The relevance of public infrastructure has been a debatable issue in Nigeria since independence, owing to the growing demand on governments to provide rapid social development and economic growth. As a result, both past and present governments have expended huge financial resources on these infrastructures through annual subventions to the public enterprise sector. Nevertheless, a worrisome trend has drawn more concern; they continue to witness huge losses due to presence of gross inefficiency, massive looting and unprofitability. All these have made most of the infrastructures a revolving-debt-asset.
Orokpo, & Ejeh (2014), noted that while the boom in the world market for oil and petroleum products lasted, no one complained about the wastes and inefficiencies of the public enterprise sector in Nigeria.
This same boom era recorded the highest number of public enterprises establishment in the country even when their commercial financial viability was questionable. However, the fall in the world market for oil, the early 1980s economic recessions and the quest for most developing countries to align themselves with the global trend has exposed the ailing condition of public enterprises in Nigeria.
It is against this backdrop that most economists argued that one prominent rationale for privatising public infrastructure is to make money available to governments. In order words, cash trapped in such infrastructure can be used to fix ailing infrastructure and perhaps build the much needed new infrastructure by creating an enabling environment, therefore shifting future financial risk from the public to a private sector.
A visit to Makurdi, the Benue State Capital of Nigeria would reveal how well the state has fared since it was created on 3rd February 1976. The Capital does not stand out among its equals in terms of infrastructural development. It prides itself as the food basket of the nation. Yet you will agree that a good deposit of resources must allow participation from the community through employment and thereby improving the economy of that community. This is what is assumed as development and growth.
The good deposit of resources in the state prompted the establishment of infrastructures like Taraku Mills, Otukpo Burnt Bricks, Benue Breweries, Kastina Ala Fruit Juice Company, Makurdi Sheraton Hotel, and the “privatised” Benue Cement Company (Now Dangote Cement Company) among other establishments.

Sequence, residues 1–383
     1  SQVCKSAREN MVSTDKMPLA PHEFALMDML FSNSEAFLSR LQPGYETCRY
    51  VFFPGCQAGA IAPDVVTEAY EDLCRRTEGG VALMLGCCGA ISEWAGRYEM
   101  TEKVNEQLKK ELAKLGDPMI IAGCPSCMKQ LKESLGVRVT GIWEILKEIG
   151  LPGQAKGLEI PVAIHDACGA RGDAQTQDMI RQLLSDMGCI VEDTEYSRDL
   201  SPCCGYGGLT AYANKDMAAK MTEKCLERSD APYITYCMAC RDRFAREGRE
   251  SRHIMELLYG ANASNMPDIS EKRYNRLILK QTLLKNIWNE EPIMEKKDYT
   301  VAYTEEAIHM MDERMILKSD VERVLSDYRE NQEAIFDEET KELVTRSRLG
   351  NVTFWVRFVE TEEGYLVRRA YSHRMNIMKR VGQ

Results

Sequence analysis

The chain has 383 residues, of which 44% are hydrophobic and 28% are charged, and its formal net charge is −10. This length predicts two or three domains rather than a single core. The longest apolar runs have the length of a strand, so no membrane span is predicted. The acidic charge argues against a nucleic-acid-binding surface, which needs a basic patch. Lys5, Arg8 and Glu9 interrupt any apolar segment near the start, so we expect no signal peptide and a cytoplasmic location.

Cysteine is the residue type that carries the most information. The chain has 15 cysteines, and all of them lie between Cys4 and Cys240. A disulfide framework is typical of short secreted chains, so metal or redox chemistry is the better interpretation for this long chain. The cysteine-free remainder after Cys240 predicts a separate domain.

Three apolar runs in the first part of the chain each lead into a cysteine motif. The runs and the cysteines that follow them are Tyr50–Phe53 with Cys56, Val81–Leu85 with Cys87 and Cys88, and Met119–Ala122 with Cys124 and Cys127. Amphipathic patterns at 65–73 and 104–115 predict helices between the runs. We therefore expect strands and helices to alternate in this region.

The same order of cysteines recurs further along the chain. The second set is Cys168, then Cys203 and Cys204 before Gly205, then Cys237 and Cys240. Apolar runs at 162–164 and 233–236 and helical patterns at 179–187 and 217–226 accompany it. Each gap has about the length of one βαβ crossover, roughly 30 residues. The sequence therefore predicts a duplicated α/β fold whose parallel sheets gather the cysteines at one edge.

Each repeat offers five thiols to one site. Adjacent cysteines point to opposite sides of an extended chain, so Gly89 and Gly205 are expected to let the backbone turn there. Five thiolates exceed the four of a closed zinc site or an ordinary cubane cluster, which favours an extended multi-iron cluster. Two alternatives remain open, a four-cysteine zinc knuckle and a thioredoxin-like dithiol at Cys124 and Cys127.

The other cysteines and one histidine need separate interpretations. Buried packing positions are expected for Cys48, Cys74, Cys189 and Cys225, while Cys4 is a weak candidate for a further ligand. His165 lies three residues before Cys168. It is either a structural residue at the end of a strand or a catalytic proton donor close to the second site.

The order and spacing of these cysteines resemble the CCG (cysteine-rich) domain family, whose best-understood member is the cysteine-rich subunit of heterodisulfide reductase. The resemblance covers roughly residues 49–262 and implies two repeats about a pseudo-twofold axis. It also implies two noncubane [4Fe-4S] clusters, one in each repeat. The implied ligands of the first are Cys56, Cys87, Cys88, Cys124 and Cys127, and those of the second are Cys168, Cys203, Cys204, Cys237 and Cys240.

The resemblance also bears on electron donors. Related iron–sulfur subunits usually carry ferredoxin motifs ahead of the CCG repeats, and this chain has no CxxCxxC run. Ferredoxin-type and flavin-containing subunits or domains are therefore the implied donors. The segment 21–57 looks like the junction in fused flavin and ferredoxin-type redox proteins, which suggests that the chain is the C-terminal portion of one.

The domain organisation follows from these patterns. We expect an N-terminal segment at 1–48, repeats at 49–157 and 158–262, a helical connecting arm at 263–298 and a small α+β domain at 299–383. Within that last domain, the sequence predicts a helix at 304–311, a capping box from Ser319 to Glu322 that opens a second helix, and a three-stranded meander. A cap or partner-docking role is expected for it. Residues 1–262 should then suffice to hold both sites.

Most of these establishments in the State were affected in the second round of privatization scheduled to commerce in 1999. Some of the establishments that were privatised are today, in various stages of liquidation, abandoned or shut down since they have failed to meet their economic and social objectives. As a result, the people are yet to feel the impact despite their eventual privatization. And cash recovered has not been used to build new infrastructures.
However, various excuses have been given for these shortcomings. First, the age of the plant and equipment, perhaps that was not properly assessed to enable preparation for turnaround maintenance. Second, harsh macro-economic environment and rough economic terrain characterized by erratic electricity power supply. Third, there exist an intermittent or acute shortage and high price of petroleum products. Fourth, there is also a low purchasing power due to infrequent payment of salaries, and by extension very weak economic activity.
However, as outlined by Orokpo & Ejeh (2014), most core investors declared as winners of the bids generated sporadic response by the people of Benue State accusing investors’ company of lack of managerial skills and technical capacity to handle the company. Legal proceedings were even instituted against the National Council on Privatization seeking to restrain it from selling the shares to most companies. Moreover, there were complaints of lack of transparency in the entire transactions which were shrouded in secrecy and that the majority of the investing public were ignorant of the sale of the shares.
Therefore, one can conclude that although privatisation is good having acknowledged that government business is not business. However, the process of privatisation must be properly followed in order to curb the perceived culture of cronyism that exists in the process.
Orokpo F.E & Ejeh A. W. (2014), An Assessment of the Privatization of Benue Cement Company Plc, Gboko, Benue State Nigeria: 1986- 2011 International Journal of Public Administration and Management Research (IJPAMR) 2(2):88-97